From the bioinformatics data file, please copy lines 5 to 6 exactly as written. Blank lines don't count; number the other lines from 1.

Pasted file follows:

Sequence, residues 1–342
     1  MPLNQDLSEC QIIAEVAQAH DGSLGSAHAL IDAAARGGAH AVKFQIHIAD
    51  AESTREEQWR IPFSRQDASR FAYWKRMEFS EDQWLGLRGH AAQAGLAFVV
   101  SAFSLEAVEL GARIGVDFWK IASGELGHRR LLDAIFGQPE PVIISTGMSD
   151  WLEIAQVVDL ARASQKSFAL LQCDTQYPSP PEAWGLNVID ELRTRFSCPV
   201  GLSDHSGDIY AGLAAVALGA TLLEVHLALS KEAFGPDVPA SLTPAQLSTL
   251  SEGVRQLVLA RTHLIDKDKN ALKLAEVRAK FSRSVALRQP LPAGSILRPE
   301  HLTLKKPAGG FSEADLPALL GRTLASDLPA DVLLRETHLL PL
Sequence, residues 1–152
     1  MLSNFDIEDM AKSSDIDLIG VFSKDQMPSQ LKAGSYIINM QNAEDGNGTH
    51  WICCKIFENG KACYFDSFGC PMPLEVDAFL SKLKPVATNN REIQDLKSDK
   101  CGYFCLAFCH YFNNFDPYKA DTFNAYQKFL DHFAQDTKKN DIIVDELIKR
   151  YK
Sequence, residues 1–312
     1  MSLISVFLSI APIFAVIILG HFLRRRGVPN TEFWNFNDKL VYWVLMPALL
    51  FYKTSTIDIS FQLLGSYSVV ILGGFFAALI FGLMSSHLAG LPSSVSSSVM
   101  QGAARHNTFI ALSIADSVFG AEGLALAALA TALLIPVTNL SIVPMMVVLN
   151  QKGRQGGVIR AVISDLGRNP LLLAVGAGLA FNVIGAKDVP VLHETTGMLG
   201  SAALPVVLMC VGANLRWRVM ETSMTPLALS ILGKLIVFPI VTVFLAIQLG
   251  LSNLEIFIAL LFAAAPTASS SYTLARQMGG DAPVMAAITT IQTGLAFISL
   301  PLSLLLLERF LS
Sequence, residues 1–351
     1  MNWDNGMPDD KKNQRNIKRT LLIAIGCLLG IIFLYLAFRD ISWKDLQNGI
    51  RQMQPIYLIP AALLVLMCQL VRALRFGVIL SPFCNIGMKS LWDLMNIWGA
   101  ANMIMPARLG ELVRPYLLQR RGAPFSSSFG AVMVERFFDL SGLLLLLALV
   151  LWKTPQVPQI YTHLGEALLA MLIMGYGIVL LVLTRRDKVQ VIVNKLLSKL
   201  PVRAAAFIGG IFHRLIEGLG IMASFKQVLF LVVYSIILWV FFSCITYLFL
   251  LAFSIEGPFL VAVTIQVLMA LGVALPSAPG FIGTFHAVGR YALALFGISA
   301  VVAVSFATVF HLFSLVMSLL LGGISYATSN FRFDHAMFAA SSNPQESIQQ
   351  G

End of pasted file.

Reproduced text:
   151  WLEIAQVVDL ARASQKSFAL LQCDTQYPSP PEAWGLNVID ELRTRFSCPV
   201  GLSDHSGDIY AGLAAVALGA TLLEVHLALS KEAFGPDVPA SLTPAQLSTL